This month there is a lot of media coverage on a Princeton University study that documents the rising mortality rate among certain middle-aged white (non-Hispanic) Americans. This rising rate seems significant for two reasons: 1) rates of mortality across all other ethnicities have been on the decline and 2) the cause of the increase in the mortality rate, according to the study, is attributable to preventable deaths – death by suicide and death as the consequence of substance abuse.
What makes these findings so interesting is that behind all of the scientific method, the study seems to be talking about despair. And despair on a level of this magnitude is hard to pin down. It seems to slide out of focus the minute the authors try and point to economic uncertainties or the reckless availability of certain prescription pain medications. There is something insubstantial and so tenuous about naming the causes because we are, of course, talking about many individual people, making similarly desperate choices, who all happen to share a certain range of age, skin color, and level of education. What else ties these people together?
I wonder what proportion of the people included in this study had access to sufficient mental health services. Probably not many. Funding for state supported mental health dropped from 2009-2011. After the tragedy at Sandy Hook in 2012 funding increased, but not back to the pre-2009 levels. The Centers for Disease Control and Prevention (CDC), in the 2009-2012 report on “Depression in the U.S. Household Population,” pointed out that only about a third of even the most severely depressed people had consulted with a mental health professional. Why is this important? The American Foundation for Suicide Prevention estimates that more than 90% of people who kill themselves suffer from a potentially treatable mental disorder at the time of death.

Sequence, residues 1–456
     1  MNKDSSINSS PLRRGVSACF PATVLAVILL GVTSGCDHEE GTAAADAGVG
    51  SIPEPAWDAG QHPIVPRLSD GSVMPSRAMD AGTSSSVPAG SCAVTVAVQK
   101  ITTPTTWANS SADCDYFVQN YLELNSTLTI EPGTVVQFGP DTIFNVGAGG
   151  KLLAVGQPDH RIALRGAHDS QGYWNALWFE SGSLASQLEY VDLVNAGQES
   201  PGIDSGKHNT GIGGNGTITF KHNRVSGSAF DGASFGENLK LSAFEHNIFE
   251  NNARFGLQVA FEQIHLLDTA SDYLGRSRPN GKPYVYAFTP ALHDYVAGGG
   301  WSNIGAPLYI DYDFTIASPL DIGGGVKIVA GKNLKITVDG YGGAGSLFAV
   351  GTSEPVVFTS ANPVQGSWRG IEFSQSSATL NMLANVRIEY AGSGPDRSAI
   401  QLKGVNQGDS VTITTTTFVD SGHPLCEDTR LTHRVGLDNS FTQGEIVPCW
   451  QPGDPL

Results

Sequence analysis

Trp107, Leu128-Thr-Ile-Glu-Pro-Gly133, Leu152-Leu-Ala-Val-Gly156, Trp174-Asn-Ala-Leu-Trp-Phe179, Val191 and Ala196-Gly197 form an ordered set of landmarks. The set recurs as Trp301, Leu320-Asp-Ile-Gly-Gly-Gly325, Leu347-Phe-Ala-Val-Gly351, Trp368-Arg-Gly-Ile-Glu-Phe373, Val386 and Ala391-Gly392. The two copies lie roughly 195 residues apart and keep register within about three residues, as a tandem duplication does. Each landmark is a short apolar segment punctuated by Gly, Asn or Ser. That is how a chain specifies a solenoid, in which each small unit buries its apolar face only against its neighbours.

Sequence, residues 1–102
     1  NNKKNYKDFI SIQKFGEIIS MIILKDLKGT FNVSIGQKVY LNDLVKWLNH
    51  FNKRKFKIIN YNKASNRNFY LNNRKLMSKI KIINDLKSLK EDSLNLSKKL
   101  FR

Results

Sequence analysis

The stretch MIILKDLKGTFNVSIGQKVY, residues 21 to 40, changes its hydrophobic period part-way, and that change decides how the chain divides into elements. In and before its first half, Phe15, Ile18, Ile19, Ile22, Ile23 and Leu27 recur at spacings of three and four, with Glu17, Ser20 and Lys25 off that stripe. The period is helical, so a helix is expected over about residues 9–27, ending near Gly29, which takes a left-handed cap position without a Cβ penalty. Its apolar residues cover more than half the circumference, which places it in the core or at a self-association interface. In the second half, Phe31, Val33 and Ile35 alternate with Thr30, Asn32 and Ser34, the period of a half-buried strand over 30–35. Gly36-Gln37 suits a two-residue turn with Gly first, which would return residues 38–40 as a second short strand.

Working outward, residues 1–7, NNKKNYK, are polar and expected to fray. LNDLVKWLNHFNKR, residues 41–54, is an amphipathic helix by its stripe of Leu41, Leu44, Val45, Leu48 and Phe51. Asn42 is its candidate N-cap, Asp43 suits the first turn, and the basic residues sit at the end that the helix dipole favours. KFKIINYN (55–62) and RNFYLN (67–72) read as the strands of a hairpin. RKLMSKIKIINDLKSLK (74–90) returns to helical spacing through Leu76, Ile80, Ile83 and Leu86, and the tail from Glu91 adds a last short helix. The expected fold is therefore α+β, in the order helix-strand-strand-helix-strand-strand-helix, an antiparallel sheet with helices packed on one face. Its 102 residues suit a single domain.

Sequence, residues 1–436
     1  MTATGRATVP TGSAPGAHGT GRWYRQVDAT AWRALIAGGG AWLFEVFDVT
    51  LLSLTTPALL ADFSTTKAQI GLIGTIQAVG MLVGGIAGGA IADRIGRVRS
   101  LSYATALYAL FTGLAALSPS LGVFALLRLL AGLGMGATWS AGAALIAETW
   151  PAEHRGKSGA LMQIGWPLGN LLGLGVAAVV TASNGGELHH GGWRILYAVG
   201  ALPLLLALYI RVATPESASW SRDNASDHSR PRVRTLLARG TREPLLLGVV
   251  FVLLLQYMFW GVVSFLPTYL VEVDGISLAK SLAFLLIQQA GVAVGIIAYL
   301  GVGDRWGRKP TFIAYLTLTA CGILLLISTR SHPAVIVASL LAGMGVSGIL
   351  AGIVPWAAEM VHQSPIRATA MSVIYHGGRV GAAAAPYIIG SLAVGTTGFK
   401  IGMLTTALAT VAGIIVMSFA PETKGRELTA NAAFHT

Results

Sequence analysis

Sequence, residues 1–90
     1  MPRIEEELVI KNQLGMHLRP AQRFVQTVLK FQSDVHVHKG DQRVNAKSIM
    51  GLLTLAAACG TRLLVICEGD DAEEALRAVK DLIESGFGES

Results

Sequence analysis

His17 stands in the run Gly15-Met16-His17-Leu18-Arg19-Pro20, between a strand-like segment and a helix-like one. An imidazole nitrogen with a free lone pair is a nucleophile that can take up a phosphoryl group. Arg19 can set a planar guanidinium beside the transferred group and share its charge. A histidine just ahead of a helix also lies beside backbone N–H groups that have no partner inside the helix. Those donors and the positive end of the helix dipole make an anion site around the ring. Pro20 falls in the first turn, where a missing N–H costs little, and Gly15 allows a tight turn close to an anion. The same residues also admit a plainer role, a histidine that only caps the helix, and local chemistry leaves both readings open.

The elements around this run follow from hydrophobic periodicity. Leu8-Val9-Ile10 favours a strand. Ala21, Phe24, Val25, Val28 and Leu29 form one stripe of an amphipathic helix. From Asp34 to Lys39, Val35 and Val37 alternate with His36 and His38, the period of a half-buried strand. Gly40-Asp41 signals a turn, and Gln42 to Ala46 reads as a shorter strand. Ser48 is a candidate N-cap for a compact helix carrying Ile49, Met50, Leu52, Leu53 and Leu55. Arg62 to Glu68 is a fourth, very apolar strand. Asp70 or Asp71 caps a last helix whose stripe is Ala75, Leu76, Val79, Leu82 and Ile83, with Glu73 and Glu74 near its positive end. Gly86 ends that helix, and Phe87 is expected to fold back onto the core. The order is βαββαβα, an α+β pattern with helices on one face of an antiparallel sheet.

I can’t help but read this article from the point of view of a therapist. I can’t help but wonder about the individual people who collectively make up this trend. Who were they? What did they dream about when they were kids? What nightmares haunted them in middle life? And what about living became so intolerable?
Mostly I consider how the numbers might be different if people who needed mental health support had ready access to services. How many numbers on the spreadsheet of the Princeton study would turn back into healthy, flourishing adults who might be enjoying their grandkids and looking forward to the approaching holiday season?
Something is missing from this picture. What if it were as simple as making help available?
Cynthia Ransley, MA, Social Media Copywriter
 See nytimes.com, cnn.com, bbc.com, wsj.com to name a few.